Victoria’s agricultural community comes together to produce a plan to stop the Queensland fruit fly invasion.
Victoria’s fruit and vegetable sector have united to develop a management plan tackling the state’s growing Queensland fruit fly population.
The cost of Queensland fruit fly surveillance and response more than doubled in six years up to 2012 and the pest continues to threaten Victoria’s fruit and vegetable exports, valued at $809 million per annum in 2014.
A workshop, convened by the Horticulture Centre of Excellence in the Department of Economic Development, Jobs, Transport and Resources, brought together Victoria’s fruit growers, researchers, local government representatives, Fruit Growers Victoria, public land agencies and other industries impacted by the fly.
The meeting was led by a globally experienced lateral thinking consultant, Dr Michael Hewitt-Gleeson, who was given the task of facilitating the discussion between a range of stakeholders within a complex supply chain.
Victorian state government Principal Research Scientist – Invertebrate and Weed Sciences, David Williams, explains that the agricultural community urgently needed to come together to create a plan with buy-in from all stakeholders.
“This is an industry wide issue that affects all parties, including the end consumer, and there’s a strong need to educate each party on how they contribute to the problem and also on how they can play a part in solving it,” he says.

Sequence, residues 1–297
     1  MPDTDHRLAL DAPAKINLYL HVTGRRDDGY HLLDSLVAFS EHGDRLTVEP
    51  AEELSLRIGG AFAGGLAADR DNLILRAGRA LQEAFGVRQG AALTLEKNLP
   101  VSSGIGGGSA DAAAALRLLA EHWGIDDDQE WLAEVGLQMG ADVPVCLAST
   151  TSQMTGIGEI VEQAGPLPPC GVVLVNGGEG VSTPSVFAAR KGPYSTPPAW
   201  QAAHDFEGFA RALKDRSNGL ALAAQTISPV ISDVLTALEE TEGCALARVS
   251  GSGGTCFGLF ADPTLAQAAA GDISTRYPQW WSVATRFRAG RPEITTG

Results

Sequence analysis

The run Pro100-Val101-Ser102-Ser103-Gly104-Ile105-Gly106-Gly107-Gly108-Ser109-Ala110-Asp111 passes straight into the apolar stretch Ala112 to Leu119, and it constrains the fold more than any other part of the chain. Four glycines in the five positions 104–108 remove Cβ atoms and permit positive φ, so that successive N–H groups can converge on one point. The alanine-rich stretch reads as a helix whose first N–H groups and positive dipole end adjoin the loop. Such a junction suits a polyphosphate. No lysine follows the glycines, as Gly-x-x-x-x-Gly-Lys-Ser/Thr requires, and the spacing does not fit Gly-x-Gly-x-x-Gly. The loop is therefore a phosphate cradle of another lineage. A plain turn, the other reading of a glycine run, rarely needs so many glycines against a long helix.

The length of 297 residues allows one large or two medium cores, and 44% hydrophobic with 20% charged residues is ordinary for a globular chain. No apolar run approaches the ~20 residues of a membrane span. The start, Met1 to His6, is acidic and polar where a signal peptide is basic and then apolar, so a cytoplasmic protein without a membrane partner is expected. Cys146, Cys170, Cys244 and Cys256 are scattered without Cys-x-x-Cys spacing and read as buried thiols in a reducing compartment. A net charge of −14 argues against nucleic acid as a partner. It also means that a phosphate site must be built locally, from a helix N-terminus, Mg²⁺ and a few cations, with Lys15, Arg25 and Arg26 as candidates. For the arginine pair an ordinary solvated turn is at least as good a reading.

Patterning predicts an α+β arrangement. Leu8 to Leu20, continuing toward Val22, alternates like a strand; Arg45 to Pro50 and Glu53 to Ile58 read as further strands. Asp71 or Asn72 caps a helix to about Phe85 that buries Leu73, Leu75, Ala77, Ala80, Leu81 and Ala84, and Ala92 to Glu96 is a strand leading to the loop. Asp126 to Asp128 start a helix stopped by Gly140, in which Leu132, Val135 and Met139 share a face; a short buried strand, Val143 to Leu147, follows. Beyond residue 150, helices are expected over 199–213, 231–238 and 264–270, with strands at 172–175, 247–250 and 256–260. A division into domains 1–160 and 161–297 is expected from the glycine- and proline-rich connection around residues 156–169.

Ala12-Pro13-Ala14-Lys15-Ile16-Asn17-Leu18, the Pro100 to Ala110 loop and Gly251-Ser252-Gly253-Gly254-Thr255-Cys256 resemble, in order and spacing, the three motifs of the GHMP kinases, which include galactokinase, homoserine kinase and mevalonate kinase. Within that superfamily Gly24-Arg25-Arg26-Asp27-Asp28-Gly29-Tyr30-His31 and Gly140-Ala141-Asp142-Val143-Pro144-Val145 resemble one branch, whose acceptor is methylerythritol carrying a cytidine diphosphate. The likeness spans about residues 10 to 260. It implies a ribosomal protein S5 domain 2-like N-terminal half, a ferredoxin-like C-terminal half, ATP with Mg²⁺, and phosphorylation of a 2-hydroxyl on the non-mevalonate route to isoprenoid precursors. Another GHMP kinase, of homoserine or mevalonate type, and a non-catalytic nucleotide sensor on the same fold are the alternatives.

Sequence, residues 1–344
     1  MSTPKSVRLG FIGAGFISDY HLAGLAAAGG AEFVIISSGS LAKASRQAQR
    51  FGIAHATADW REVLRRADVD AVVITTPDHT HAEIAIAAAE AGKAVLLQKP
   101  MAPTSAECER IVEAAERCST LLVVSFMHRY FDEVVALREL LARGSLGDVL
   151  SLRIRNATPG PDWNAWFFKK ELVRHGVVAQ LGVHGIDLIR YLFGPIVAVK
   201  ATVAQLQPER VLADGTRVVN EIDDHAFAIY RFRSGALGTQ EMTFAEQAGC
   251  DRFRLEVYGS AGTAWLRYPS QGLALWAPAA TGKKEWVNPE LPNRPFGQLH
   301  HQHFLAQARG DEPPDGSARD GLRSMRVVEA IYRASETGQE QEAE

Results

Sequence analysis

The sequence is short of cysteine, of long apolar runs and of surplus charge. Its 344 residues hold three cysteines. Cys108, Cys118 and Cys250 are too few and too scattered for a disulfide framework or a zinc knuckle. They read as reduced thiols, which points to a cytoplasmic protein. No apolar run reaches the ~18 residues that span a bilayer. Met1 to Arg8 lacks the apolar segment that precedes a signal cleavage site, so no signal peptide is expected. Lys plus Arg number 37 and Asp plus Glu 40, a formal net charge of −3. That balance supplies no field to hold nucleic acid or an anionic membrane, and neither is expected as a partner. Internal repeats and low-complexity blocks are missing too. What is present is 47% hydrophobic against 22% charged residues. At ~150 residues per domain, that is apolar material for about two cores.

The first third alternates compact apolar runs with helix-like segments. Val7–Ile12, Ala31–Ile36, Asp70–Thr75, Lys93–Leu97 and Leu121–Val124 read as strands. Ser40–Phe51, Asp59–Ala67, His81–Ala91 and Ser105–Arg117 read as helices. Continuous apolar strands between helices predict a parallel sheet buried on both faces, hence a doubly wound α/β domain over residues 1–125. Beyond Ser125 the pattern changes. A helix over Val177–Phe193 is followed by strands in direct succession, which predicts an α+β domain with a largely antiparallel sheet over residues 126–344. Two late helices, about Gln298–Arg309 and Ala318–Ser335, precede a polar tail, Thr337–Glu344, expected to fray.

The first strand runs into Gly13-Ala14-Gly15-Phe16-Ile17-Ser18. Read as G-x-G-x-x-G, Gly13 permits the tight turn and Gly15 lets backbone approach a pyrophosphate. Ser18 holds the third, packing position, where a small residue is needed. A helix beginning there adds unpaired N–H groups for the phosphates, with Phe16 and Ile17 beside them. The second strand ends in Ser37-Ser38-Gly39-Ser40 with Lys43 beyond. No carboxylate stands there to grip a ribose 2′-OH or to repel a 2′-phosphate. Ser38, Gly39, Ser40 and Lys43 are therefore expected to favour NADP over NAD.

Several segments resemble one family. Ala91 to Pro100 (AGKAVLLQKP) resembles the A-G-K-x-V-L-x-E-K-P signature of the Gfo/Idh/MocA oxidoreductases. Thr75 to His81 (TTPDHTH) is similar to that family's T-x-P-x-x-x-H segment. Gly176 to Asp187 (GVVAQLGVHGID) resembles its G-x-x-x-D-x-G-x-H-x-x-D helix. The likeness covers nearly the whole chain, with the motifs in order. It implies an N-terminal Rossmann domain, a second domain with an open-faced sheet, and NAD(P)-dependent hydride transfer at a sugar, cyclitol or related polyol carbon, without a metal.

“As an experienced independent consultant, Dr Hewitt-Gleeson was brought in to help all the different stakeholders cut through the fog surrounding their current view of the problem to develop a solution to a growing problem.
“Through simple but effective thinking techniques, he was able to stop the blame shifting and change thinking from silos towards a united approach.”
International management and lateral thinking consultant, Dr Hewitt-Gleeson, suggests that whilst it may seem like an unusual approach to solving such an issue, it’s the thinking that is actually at the heart of the problem and of the solution.
“Having a room of one hundred people collectively committed to formulating a plan is much more powerful than ten distinct parties trying to solve the same problem with different end goals,” he says.
“I used a lateral thinking technique called Retire That Idea (RTI), which helped all parties challenge their current logic.
“By asking everyone to retire their preconceived ideas and hit the reset button, all parties were able to set aside their different interests and begin thinking cohesively.”
Following the workshop, a business case tackling the problem was developed for submission to the Minister of Agriculture, Jaala Pulford.
About Dr Michael Hewitt-GleesonDr Michael Hewitt-Gleeson (born Melbourne 1947) is known as “the father of x10 thinking”. He is an intellectual philanthropist and world authority on lateral thinking. Over thirty years ago Dr Hewitt-Gleeson first wrote about the better view of the situation (BVS) as being ten times better than the current view of the situation (CVS) in his book NewSell. This powerful lateral thinking concept (cvsx10=bvs) is a way of escaping logical thinking patterns that inhibit your ability to think outside the box. Today, Dr Hewitt-Gleeson facilitates workshops across a variety of sectors to help overcome key industry problems and to assist with finding solutions through lateral thinking techniques. He also acts as the daily mentor for his fully online corporate service called x10 Thinking.
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